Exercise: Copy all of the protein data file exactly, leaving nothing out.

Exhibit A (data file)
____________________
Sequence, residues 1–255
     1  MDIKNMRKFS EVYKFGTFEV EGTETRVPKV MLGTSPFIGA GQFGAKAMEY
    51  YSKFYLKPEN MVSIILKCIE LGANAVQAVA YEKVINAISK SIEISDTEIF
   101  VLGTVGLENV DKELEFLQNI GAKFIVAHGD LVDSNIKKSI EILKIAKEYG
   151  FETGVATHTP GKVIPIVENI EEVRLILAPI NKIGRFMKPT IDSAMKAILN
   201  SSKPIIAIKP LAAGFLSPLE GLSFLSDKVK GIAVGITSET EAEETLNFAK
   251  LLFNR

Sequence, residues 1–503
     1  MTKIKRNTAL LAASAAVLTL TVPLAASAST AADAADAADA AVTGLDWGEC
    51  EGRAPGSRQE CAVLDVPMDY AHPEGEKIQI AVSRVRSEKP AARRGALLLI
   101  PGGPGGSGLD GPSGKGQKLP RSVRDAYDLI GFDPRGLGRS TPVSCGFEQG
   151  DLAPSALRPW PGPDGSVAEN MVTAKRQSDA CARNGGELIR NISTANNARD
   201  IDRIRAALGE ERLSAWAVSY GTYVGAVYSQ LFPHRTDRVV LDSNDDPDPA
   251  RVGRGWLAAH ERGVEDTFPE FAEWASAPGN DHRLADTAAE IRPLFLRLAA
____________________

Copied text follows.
Sequence, residues 1–255
     1  MDIKNMRKFS EVYKFGTFEV EGTETRVPKV MLGTSPFIGA GQFGAKAMEY
    51  YSKFYLKPEN MVSIILKCIE LGANAVQAVA YEKVINAISK SIEISDTEIF
   101  VLGTVGLENV DKELEFLQNI GAKFIVAHGD LVDSNIKKSI EILKIAKEYG
   151  FETGVATHTP GKVIPIVENI EEVRLILAPI NKIGRFMKPT IDSAMKAILN
   201  SSKPIIAIKP LAAGFLSPLE GLSFLSDKVK GIAVGITSET EAEETLNFAK
   251  LLFNR

Sequence, residues 1–503
     1  MTKIKRNTAL LAASAAVLTL TVPLAASAST AADAADAADA AVTGLDWGEC
    51  EGRAPGSRQE CAVLDVPMDY AHPEGEKIQI AVSRVRSEKP AARRGALLLI
   101  PGGPGGSGLD GPSGKGQKLP RSVRDAYDLI GFDPRGLGRS TPVSCGFEQG
   151  DLAPSALRPW PGPDGSVAEN MVTAKRQSDA CARNGGELIR NISTANNARD
   201  IDRIRAALGE ERLSAWAVSY GTYVGAVYSQ LFPHRTDRVV LDSNDDPDPA
   251  RVGRGWLAAH ERGVEDTFPE FAEWASAPGN DHRLADTAAE IRPLFLRLAA